Florida’s Republican Senate candidate Marco Rubio has already made it abundantly clear that he is not serious about addressing the country’s long-term structural deficit. He is in favor of permanently extending the Bush tax cuts for the rich — at a cost of $830 billion over ten years — while simultaneously proposing a slew of new budget busting tax cuts for the wealthy and corporations. But just in case we needed some more evidence of Rubio’s deficit peacockery, he was happy to provide it during an interview last night with Fox Business’ David Asman. Rubio said that his plan for addressing the nation’s fiscal situation amounts to a constitutional amendment requiring a federal balanced budget, banning earmarks, unspecified entitlement reform, and putting “term limits” on federal agencies — excluding defense, of course:
RUBIO: The second thing we have to do is spending constraints. That means a constitutionally balanced budget, that means banning the practice of earmarks, and ultimately that means entitlement reform. [...]
ASMAN: Might you also have to go even farther than Ronald Reagan did and reversing thing like the department — when Jimmy Carter started the Department of Education, he said it would improve our test scores and make schools more efficient. In fact, we’ve had just the opposite. When he created the Department of Energy, that was to get us off of a dependence on foreign oil. Well guess what, we’re a lot more dependent on foreign oil. What about getting rid of two departments like these?
RUBIO: Well, here’s what I think. I think every non-defense department, every non-defense discretionary spending program should be sunsetted every 10 years. Every 10 years, those programs should sunset and we should require that they be reauthorized by Congress. That means they’re going to have to justify their existence. Look at it this way, it’s like term limits on agencies.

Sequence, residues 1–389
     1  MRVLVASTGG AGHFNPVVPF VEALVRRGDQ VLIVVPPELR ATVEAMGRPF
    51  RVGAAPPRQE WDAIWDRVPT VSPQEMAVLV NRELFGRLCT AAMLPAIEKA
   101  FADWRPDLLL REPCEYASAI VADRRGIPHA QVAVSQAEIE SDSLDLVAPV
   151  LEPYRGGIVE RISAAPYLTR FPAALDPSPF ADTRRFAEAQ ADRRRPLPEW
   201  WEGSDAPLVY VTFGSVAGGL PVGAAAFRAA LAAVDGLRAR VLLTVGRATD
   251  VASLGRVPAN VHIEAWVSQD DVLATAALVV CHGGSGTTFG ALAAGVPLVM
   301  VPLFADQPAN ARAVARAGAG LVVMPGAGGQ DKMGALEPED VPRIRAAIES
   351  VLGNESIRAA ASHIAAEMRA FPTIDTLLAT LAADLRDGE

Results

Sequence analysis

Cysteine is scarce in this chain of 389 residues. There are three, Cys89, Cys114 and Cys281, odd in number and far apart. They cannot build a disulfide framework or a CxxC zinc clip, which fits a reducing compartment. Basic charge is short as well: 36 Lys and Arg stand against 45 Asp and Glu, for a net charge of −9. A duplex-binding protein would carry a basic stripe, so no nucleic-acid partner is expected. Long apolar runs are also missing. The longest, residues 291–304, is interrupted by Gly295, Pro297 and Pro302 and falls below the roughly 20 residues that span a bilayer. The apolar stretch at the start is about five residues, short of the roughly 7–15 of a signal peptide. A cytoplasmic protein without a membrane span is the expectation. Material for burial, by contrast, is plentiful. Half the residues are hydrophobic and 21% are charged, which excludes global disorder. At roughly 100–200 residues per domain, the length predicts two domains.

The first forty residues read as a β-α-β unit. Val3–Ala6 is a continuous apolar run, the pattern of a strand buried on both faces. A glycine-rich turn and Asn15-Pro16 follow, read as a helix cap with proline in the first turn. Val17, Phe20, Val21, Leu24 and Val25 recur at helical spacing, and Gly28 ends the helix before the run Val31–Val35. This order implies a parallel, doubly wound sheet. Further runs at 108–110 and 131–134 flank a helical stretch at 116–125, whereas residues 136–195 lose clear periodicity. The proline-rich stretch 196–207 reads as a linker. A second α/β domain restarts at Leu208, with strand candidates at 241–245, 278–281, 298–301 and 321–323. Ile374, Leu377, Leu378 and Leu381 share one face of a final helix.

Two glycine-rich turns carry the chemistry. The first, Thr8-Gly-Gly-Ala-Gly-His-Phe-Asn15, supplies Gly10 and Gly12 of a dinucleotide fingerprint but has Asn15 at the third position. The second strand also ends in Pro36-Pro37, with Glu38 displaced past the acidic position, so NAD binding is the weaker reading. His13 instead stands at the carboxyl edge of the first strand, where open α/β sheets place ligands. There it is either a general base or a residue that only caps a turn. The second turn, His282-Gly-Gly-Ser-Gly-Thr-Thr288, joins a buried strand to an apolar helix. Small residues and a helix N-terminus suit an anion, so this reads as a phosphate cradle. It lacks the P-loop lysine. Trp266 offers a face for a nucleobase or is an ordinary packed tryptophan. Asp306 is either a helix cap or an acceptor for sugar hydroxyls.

Rubio’s plan for reforming entitlements is shockingly non-specific, but in the past he has been sympathetic to simply slicing benefits for younger Americans. Earmarks, meanwhile, constitute less than one percent of federal discretionary spending, so eliminating them entirely does essentially nothing to the structural deficit. As The Wonk Room explains, the rest of Rubio’s plan is not only politically ridiculous, but even conservatives think it would be economically destructive.
Michael Linden, CAP’s Associate Director for Tax and Budget Policy, sends along an additional point:
Rubio says, “I think every non-defense department, every non-defense discretionary spending program should be sunsetted every 10 years.”
Every dollar of discretionary spending already has to be reappropriated every single year. That, in fact, is the defining characteristic of a discretionary program. Indeed, the whole point of the annual budget process is to give Congress the opportunity to change the funding or even eliminate the funding for any discretionary program it likes. The key word there was “annual.” It happens every year. Already.
Wow. Who is this guy’s budget advisor? He should get a new one.